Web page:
2005 Prognositications

Ah yes, it’s that time of the year again: Time to flaunt your ignorance by proudly proclaiming to divine future events.

Hell, it’s just fun to do, and – as are most lists – fun to read.

Without further ado, my 2005 Prognositications:

  • Theme of the year: Security – Hate to start off with a bummer, but that’s the big picture for 2005: Security from trojans, viruses, worms and other exploits. The winners of this derby will be the vendors (think Symantec) and ISPs (think Earthlink/AOL) who can seamlessly deliver this protection (“Mom, what ports does your firewall allow access to?” – there’s a conversation that’ll never happen…). The big loser will be Microsoft: large installed base, large target; OS and software built on pre-pervasive Net code, more brittle. At the same time, I expect MS to spend more $$ on security than any other single company next year.
  • Google will have another remarkable year – I don’t mean this in the financial sense (though I don’t expect their value [currently ~192/share] to tumble in an appreciable way). I think they will continue to innovate and have at least two major impacts next year. This year I count three: Gmail, their IPO and the bookscanning project. The latter has received the least press; in many ways, it will have the largest long-term impact.
  • Google will do something remarkable with Blogger – Google has really goosed up Blogger since the acquistion, but more flash (better tools, JS widgets and so on) than substance. Don’t get me wrong, they’ve taken Blogger to a whole new level, but I think they can do some really interesting things with it if they want to. I think the general dearth of significant improvements (such as those embodied for years in SixApart’s tools) signals that the big upgrade is coming.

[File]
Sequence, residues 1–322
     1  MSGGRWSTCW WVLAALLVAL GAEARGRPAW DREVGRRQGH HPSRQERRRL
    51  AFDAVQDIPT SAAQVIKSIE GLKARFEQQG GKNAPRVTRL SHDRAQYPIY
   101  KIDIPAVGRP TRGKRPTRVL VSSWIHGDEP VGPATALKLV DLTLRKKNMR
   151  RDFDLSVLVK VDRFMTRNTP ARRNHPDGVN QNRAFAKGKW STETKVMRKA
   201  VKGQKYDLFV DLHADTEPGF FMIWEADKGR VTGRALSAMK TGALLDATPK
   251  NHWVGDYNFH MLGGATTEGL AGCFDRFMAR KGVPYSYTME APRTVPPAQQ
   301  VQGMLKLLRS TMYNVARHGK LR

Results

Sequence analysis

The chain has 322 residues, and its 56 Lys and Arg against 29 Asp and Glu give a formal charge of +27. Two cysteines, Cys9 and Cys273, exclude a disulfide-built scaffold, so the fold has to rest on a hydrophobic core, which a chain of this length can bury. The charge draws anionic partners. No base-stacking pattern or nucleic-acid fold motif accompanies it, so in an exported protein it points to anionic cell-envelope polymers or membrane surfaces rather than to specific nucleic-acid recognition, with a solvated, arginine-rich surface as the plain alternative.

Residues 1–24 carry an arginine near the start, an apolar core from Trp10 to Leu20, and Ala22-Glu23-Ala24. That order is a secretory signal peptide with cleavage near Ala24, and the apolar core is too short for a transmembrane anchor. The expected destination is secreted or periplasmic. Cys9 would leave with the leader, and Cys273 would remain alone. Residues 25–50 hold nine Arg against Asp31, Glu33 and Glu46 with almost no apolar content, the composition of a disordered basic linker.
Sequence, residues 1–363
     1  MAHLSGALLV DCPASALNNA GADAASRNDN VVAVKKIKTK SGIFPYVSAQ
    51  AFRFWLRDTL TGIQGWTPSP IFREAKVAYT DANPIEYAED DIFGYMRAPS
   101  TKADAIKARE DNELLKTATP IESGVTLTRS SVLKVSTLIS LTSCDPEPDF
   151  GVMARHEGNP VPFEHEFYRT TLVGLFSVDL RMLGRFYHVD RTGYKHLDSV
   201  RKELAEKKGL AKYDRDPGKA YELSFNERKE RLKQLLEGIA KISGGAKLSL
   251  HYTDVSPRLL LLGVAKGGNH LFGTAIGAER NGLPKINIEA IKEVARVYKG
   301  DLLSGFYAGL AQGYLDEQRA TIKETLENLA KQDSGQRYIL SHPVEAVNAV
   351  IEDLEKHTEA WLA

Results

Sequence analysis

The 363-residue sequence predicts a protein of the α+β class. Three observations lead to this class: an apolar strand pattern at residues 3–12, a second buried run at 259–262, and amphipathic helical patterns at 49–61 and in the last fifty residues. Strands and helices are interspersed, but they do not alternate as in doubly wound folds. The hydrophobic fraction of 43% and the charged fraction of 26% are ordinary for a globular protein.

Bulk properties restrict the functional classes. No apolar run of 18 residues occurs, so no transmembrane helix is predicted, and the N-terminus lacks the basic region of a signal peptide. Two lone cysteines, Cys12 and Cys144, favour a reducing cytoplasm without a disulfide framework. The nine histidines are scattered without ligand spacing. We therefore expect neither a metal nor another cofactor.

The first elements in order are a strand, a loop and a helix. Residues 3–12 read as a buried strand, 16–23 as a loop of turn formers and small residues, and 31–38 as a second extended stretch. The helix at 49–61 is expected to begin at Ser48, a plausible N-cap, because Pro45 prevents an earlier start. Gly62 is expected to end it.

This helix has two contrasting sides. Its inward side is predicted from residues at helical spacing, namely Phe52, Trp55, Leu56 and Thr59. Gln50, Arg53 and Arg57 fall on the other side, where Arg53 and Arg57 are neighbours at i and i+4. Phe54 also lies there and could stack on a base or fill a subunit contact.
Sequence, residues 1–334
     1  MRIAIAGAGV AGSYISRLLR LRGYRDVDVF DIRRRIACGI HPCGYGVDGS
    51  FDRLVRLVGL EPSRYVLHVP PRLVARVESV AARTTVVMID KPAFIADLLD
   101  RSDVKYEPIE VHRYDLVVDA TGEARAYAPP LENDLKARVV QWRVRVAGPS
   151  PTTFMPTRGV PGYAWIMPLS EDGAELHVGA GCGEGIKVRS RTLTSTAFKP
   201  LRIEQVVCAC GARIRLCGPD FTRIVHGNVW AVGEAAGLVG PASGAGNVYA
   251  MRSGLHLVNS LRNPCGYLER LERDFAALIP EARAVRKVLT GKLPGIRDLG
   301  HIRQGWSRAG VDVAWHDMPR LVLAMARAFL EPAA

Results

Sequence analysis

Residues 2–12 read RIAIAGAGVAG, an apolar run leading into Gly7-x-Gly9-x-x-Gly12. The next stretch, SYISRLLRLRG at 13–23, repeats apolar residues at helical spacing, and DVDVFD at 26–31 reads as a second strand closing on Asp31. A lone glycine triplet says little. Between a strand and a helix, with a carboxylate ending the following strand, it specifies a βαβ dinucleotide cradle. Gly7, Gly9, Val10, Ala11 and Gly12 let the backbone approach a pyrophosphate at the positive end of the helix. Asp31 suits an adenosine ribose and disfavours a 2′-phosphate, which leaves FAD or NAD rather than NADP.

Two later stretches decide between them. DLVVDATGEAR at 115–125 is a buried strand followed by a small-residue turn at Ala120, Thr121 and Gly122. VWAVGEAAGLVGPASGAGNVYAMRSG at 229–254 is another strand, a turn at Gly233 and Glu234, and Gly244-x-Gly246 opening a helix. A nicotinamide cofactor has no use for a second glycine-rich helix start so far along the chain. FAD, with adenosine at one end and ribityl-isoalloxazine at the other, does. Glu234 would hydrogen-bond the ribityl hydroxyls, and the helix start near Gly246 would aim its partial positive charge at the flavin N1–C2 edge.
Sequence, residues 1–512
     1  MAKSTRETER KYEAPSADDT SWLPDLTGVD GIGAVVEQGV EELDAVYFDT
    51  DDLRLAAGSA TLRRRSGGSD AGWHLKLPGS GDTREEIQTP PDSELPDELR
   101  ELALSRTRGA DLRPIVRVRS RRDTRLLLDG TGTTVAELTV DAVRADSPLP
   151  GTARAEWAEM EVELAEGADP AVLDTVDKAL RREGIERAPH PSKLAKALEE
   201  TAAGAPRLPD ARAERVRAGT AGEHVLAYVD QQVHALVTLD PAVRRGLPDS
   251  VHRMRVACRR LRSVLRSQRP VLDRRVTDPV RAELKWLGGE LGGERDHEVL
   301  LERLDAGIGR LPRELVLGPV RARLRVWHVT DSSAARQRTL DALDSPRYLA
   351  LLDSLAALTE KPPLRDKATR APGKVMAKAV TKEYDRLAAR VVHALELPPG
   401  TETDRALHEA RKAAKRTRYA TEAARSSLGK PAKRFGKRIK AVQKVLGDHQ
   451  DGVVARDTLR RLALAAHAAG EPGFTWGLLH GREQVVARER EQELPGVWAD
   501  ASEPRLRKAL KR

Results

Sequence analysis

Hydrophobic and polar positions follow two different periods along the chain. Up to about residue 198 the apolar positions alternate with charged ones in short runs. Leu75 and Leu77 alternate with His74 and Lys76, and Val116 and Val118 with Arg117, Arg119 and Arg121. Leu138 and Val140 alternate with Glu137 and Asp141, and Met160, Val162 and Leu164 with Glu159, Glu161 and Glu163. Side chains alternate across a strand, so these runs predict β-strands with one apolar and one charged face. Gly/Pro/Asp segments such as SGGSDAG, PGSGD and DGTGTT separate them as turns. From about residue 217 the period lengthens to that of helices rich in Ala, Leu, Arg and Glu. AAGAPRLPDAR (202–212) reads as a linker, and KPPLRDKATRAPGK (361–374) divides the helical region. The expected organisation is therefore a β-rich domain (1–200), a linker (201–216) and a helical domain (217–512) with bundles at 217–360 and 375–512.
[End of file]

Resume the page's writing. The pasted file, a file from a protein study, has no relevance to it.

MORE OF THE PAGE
• Six Apart will struggle – As one of the most remarkable Net stories out there, Ben and Mena have a good sense for what users want and so on. However, the generally brittle nature of MoveableType (don’t flame; it’s just hard to upgrade etc for NON-geeks) will become all too apparent this year as blogging becomes mainstream. Look for a buy out.
  • Blogging becomes mainstream: – Bolstered by the divisive nature of the election, blogging actually became mainstream in 2004. Dean was an internet candidate; all candidates had blogs; bloggers brought down CBS/Dan Rather in a manner that would have been inconceiveable a year ago. All this made blogging acceptable; so look for corporate and media blogging efforts in 2005 to become as *yawn* as “..or visit or site at www.companyname.com” is today for just about any TV/radio ad. Simply put, in 2005 your mom will have heard of blogs.
  • Industry consolidation a-go-go – Expect to see more mega-mergers along the lines of Oracle/PeopleSoft & Compaq/HP. Expect some rancor to accompany the big mergers, as the two previously mentioned. One possible target is Gateway: If so, it will be by an off-shore company – not Dell or IBM.
  • Demise/decline of Apple and or Sun – I predict this each year to some degree, sometimes not doom and gloom, but never with expectations of progress. I see this year to be the same. Both companies will endure, gain a lot of press but not gain any market share; Apple will innovate more than Sun; Sun still won’t figure out how to make money off of Java.
  • A serious Linux virus/Trojan will surface – As marketshare increases, so does the size of the target. I hope not, but PHP just got hit with one; Apache 2.x was vulnerable about a year or so ago…it’ll happen.
  • This will be the year of broadband – Half of the US is now connected via broadband, but it’s been a long, painful process to get there. This is the year the incumbent telcos will pull their heads out of their asses and realize they can make money on DSL. SBC finally did this by working with Yahoo!; Verizon is starting to roll out DSL in an aggressive manner. While I love my cable modem, DSL is the answer to the broadband question: Delivered over the copper that’s already installed in just about every home. Yes, there are limitations (old lines, distance from central office etc), but it beats fiber (too costly), wireless (too flakey) and cable (not ubiquitous) in most cases. It’s the 80/20 solution that will make remarkable inroads this year. This always-on connection will help feed the security issue; instead of being online 3 hours a days, you’re connected 24×7. A port-scanner’s delight!